Ask a Psychiatrist and Get Answers to Mental Health Questions ASAP
Hi! I'll be glad to be of help with this issue.
I can imagine how confusing this situation must be for you. You are clearly a caring person and are surprised by the "deadness" of your feelings toward her. Your description is unusual, it's true:
You don't describe any other symptoms of depression. None. So I can see why you are wondering so much what's going on here. That she's convinced it's depression is understandable, but she seems like a fine person as well and so is grasping for some way to make sense of this new attitude you're having. That by itself, though, is not enough of a diagnostic criterion or certainty to warrant remedicating. Remember: antidepressants are powerful medications; they are not dispensed unless there is a clear need in case they are rendered ineffective in future times when there is real need.
The way to determine for yourself whether you need to take medications again is a two step process. First, let me link a couple of checklists for you. The first is by Dr. David Burns. He's a psychiatrist who for the last 30 years has been the leading voice in the treatment of depression disorders. The value of this checklist is most in showing you the diagnostic criteria we look at when judging if there truly is a depressive disorder or if there is instead a life situation needing to be worked on:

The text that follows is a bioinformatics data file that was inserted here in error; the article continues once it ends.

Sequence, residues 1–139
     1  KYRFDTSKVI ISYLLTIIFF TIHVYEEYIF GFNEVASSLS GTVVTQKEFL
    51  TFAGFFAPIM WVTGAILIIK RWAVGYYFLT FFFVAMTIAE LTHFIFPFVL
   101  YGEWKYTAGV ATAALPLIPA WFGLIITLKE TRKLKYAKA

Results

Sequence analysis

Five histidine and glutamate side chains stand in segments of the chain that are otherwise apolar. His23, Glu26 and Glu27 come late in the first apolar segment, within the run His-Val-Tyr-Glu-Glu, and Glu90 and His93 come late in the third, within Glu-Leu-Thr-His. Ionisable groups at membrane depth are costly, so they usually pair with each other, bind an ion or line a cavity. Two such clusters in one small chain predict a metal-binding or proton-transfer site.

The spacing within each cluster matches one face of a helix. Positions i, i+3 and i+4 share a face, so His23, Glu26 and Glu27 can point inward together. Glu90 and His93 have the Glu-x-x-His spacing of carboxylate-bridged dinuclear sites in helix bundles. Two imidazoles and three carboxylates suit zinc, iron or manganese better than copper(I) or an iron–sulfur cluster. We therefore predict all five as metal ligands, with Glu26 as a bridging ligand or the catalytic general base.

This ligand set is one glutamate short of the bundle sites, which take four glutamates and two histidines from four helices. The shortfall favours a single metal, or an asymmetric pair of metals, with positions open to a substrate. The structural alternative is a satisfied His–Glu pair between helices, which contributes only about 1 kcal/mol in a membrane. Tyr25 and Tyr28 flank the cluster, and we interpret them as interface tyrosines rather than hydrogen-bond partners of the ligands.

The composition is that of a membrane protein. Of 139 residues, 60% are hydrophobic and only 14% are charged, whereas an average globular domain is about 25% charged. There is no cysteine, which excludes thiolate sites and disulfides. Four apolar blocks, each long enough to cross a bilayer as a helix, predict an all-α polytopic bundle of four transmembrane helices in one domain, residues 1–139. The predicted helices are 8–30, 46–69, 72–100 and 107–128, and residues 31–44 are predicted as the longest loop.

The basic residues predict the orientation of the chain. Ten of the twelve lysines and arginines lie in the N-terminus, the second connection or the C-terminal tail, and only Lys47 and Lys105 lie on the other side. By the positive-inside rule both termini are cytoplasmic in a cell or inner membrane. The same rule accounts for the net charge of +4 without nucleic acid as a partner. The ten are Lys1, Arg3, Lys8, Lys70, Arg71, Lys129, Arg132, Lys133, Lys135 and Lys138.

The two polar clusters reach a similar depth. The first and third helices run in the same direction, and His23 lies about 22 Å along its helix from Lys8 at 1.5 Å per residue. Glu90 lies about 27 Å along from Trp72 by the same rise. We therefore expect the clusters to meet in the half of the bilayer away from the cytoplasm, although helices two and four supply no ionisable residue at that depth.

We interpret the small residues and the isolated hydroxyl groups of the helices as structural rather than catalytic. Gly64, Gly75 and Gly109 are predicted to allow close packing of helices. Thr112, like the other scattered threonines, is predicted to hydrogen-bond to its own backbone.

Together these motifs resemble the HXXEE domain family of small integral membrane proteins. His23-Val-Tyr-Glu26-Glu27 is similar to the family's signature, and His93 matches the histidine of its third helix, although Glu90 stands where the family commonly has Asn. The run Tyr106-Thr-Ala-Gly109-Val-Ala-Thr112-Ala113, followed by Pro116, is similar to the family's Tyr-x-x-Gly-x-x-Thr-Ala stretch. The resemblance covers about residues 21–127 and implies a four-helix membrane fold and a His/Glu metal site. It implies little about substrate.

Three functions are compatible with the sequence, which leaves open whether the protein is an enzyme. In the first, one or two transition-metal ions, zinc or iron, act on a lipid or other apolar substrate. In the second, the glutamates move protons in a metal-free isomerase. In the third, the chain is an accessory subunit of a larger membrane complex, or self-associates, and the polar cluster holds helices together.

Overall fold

This next is a checklist that is more "consumer" oriented and so a lot more dramatic. But it gives a good sense of the "dark" feelings that pervade depressive disorders:
If you find that there are a number of dimensions in your life that are being affected, and not just a "deadening" of feeling toward her, then you might decide right away to seek medications. If you're unsure, then you should make the second step psychotherapy. The opportunity here is to gain a greater insight yourself toward yourself, who you are inside, and what might be happening between your partner and your feelings towards her. Let me give you two directories to look at that are good. You should focus on finding a psychologist or psychotherapist in your area who practices in a psychodynamic orientation along with CBT for practical skills.
The NHS is reportedly not very comprehensive or quick with therapy, so you might want to contact a psychotherapist on your own and see if they will work on a sliding scale if you need to. If your doctor isn't able to refer to anyone, here is the web address for the UK association of humanistic psychotherapists. Ask them there if they do CBT work as well as psychodynamic therapy or if they can refer you to someone. Here's the web site; they have a search for therapists there. http://www.ahpp.org/
Here is the British Psychology Society's directory:
Okay, I wish you the very best!
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